Indeed, Edwin’s description of the snake’s method of constriction is almost identical to Cleyerus’: “How, if the resistance is great, the victim is dragged to a tree, and compressed against it; how the noise of the crushing bones is heard as far as a cannon: how the crushed carcass is covered with saliva, etc.”
Yule and Burnell believed that Edwin was a Dutch surgeon serving in the Royal Navy and that he was also responsible for another such yarn concerning the poisonous Upas tree of Java.

It was Donald Ferguson, the Ceylon-based antiquarian researcher, who suggested anaconda was derived from henakandaya. His hypothesis is contained in the Oxford-based Notes and Queries, August 14, 1897, headed “The Derivation of ‘Anaconda’”.

In Leyden Museum catalogues of 1697 and 1698 Ferguson found three titles:

Hoenacandaja/Hanacandaja/Henacandaja Zeylonensibus”. He comments: “It is evident that the form anacondaia is due to an error” (in transcription by Ray’s helper: a classic example of how research can become derailed). “With the restoration of the initial h, and the correction of hoena- and hana- to hena-, the origin of the word is at once revealed. It is simply henakandaya, the Sinhalese name for the whip-snake (brown vine snake).”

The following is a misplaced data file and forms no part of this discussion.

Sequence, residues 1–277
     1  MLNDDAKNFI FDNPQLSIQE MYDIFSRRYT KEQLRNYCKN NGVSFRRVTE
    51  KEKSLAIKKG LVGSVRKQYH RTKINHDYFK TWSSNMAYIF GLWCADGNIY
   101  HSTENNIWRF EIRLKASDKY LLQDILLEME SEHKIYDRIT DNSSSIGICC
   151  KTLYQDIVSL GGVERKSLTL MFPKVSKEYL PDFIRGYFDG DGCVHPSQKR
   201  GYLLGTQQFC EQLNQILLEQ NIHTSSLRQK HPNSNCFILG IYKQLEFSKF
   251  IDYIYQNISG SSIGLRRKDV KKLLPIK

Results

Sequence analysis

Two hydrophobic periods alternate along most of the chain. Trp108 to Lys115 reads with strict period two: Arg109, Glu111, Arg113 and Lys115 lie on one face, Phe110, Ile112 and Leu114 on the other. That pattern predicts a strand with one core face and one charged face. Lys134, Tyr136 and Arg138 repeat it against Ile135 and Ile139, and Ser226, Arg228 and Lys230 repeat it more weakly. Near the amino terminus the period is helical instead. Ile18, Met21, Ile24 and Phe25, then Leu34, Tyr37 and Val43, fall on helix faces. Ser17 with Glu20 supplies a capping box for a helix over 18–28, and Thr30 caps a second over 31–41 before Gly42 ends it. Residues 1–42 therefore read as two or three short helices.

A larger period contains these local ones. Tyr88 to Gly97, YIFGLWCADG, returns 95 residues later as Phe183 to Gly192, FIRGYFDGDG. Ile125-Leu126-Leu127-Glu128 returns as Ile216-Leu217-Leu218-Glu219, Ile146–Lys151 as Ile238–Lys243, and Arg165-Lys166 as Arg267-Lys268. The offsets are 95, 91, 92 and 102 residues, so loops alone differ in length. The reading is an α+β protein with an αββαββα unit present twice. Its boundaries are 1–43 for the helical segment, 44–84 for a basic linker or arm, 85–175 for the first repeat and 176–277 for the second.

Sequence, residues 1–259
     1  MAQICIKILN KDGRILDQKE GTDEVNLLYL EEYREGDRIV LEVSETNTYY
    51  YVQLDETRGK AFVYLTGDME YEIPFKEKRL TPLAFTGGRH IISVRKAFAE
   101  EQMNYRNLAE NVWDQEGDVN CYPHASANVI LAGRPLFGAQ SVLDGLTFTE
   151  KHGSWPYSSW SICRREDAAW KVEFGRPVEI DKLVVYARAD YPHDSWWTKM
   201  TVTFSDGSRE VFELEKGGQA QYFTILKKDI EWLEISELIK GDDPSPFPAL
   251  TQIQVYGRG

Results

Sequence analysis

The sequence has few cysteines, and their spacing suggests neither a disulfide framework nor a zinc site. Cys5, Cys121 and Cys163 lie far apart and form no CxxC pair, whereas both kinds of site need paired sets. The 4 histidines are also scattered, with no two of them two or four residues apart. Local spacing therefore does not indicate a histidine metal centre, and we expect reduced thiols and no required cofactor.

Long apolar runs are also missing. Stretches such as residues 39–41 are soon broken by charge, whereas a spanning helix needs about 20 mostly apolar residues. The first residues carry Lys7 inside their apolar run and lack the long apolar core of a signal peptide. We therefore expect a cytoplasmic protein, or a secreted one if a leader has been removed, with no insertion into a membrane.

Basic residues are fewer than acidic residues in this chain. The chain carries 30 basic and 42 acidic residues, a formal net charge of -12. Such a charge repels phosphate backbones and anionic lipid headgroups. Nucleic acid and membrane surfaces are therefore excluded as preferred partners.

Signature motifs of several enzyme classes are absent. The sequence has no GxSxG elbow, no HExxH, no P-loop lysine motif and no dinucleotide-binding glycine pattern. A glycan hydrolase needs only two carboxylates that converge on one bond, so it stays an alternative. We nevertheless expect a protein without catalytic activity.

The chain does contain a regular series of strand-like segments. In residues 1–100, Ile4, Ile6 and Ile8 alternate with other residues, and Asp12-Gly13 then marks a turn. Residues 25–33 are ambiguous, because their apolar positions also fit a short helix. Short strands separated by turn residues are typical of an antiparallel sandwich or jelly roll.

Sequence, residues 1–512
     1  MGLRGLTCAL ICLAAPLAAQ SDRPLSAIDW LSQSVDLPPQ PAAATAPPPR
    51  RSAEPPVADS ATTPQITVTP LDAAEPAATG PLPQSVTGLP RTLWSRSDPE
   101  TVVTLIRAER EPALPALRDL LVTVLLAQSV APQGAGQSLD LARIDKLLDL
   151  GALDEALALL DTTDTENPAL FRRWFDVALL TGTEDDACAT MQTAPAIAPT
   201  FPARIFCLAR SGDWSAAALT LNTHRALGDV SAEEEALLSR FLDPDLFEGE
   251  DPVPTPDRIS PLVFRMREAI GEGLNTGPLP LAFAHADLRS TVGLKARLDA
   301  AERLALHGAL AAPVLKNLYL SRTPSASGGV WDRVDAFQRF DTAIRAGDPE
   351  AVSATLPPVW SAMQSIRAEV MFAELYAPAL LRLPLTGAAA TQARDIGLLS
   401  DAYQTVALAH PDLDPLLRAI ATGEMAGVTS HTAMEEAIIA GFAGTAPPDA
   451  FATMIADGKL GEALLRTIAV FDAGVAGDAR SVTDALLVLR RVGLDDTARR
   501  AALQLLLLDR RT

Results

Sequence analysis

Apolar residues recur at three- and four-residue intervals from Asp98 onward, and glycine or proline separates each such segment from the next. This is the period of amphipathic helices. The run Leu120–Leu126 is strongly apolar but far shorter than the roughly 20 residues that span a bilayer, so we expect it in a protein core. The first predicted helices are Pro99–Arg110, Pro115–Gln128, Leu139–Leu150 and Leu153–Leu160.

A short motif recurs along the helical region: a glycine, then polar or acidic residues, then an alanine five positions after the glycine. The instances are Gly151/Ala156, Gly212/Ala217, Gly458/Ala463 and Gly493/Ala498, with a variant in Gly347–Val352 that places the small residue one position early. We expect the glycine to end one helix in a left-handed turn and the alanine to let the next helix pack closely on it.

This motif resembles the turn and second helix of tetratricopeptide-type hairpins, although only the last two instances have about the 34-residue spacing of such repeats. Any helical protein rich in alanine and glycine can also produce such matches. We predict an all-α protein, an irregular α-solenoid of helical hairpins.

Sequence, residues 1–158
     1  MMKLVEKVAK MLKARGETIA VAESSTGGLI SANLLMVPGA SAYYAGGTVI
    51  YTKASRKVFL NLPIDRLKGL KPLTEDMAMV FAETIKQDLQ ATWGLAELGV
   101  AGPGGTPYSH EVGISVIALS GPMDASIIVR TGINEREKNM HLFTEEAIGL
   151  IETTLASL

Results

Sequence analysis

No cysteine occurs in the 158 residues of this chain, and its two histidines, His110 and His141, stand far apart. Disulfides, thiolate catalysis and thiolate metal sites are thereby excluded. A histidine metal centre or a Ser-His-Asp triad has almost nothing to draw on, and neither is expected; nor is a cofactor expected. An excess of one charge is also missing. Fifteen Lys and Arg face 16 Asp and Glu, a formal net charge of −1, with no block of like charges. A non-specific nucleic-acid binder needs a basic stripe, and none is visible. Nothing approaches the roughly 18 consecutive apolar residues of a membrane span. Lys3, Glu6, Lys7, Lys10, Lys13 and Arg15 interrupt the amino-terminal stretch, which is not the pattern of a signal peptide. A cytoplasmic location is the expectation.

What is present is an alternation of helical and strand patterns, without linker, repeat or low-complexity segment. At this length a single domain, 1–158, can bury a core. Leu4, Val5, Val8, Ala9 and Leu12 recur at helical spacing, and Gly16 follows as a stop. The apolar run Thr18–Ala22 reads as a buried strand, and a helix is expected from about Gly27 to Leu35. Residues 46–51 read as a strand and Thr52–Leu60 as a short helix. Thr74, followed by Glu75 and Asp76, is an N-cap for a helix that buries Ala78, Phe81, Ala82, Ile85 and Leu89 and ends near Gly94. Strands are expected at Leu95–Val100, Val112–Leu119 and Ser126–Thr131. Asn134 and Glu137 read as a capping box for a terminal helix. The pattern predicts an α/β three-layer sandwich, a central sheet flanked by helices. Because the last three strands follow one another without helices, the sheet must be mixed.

The last piece of the puzzle, why the colloquial name for a small vine snake of Sri Lanka was transferred to a large constrictor of South America, is provided by the OED entry. This is the revelation that the French naturalist, François-Marie Daudin, appears to have either wrongly identified a specimen or its source. In naming the large South American water snake Boa anaconda, it seems that he, rather than the Portuguese, was responsible for the transportation of the name across continents during the early years of the nineteenth century.

Richard Boyle is the Sri Lankan English consultant to the Oxford English Dictionary